Introduction to the wild of Denmark

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Introduction to natural Denmark.
Coastal area near Thorup Strand, Northern Jutland. No matter where you are in Denmark, you’ll never be more than 50km from the sea.

The Wild About Denmark – in short.

Nature and wildlife.
Denmark occupies 43,094 square kilometers (16,621 square miles) and is the smallest of the Nordic countries. The landscape of Denmark is formed by the movement and melting of Ice Age glaciers thousands of years ago.

Denmark is situated between the Atlantic region and the European continent, between the saline North Sea and the brackish waters of the Baltic Sea. Because of the very changeable climate with considerable regional differences, wildlife in Denmark is plentiful and multifarious as Danish nature is the natural home for a large number of plants and animals – estimated around 40,000 species in total according to DanBIF – Danish Biodiversity Information Facility, University of Copenhagen.

Denmark consists of the peninsula of Jutland, north of Germany, and more than 400 islands, about 80 of which are inhabited. Zealand is the largest and most populated island in Denmark. Copenhagen, the capital of Denmark, is located partly on the eastern shore of Zealand and partly on the island of Amager.

The Danish coastline is all together about 8750 kilometers long with beaches, islands, marshland, mudflats, inlets and coastal meadows.

Preserved beaches.
Unlike many other countries, it is normally not allowed to build on the seashore in Denmark. This means that Denmark’s coasts and beaches are preserved mostly free from constructions, hotels etc.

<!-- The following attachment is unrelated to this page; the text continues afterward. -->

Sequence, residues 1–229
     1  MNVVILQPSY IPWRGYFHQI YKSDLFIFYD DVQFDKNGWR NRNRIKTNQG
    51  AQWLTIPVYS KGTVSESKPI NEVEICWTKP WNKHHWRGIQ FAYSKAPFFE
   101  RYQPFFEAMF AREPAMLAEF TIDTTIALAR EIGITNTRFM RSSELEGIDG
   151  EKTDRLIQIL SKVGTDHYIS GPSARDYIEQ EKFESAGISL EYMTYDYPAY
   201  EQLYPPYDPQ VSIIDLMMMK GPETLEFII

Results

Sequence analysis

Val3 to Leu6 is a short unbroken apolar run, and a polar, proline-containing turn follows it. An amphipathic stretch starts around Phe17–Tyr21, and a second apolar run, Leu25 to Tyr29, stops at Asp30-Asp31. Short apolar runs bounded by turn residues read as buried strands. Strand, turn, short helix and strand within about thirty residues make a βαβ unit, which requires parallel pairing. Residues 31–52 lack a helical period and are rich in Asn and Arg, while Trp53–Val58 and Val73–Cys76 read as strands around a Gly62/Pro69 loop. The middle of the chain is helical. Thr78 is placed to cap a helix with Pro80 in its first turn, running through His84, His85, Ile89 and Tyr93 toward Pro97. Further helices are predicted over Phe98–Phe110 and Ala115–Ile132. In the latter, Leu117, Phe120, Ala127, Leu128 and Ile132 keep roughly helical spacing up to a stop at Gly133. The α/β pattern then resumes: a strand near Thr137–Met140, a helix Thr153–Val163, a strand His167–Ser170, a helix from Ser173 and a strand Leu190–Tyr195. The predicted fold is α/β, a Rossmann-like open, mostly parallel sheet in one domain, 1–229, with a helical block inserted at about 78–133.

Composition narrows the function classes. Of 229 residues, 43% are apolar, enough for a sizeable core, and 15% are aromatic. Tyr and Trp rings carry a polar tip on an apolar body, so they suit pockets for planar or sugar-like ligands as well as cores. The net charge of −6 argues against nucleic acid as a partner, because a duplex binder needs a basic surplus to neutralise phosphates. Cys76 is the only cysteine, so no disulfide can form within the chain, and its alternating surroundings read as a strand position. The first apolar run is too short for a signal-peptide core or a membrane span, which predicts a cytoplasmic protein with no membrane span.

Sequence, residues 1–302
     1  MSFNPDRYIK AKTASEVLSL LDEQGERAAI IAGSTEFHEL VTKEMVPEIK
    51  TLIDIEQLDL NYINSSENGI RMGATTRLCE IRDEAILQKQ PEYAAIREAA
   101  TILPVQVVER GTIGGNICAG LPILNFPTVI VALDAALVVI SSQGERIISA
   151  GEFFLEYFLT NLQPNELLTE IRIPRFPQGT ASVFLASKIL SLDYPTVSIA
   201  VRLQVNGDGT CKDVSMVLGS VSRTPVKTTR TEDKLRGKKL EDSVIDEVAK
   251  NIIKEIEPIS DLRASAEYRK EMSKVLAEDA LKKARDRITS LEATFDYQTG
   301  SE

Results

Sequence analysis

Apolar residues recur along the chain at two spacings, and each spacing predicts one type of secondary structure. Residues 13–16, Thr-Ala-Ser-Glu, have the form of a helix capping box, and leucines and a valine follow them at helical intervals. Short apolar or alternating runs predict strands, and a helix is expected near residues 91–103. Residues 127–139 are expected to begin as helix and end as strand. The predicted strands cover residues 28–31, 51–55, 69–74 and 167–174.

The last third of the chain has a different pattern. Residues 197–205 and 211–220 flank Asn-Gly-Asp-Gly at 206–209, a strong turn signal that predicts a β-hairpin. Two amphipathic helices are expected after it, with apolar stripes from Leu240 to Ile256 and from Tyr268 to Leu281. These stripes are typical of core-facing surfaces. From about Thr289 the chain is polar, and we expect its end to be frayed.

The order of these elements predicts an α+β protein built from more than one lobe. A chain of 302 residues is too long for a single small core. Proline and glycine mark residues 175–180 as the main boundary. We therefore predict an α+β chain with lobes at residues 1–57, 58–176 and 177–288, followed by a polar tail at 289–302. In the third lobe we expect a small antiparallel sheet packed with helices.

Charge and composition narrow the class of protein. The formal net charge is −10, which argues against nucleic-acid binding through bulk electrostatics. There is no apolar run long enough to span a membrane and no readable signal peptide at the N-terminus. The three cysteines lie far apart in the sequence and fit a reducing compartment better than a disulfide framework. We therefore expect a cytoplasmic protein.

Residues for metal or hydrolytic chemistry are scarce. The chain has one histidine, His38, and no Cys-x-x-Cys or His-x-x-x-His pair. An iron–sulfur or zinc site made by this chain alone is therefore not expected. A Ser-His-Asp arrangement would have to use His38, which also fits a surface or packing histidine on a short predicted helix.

Remote areas in the coastal region of Northwest Jutland. Credit:

A flat fertile country.
With the highest natural point in Denmark, about 170 metres above sea level, Denmark is a flat but very fertile country where more than 60 percent of the land is cultivated. Only about 14 percent of the country is covered by forests.
Considering the size of the country and the high percentage of intensive agricultural land (one of the highest in the world), Denmark still leaves space for a rich and diverse wildlife.

Beavers were successfully reintroduced to Denmark in 1999.

Among wolves, beavers, red deers, wild boars and golden eagles.
In more remote areas the Danish Wildlife includes wolves, migrating Golden Jackals, breeding eagles, Beavers and Red Deers. Wild boars are these years migrating into Denmark from Germany.
88 mammal species have been recorded in Denmark including the whale species in the surrounding Danish sea areas.
Denmark is also home to an impressive number of species of birds that vary from residents, that stay all year around, to breeding birds, that spend a good part of the summer season in Denmark. The list of birds of Denmark includes 458 species. About 180 species are breeding birds.

The climate in Denmark is tempered and fairly distinct in four annual seasons.

Sources:, Dansk Pattedyratlas, Ministry of Foreign Affairs of Denmark,

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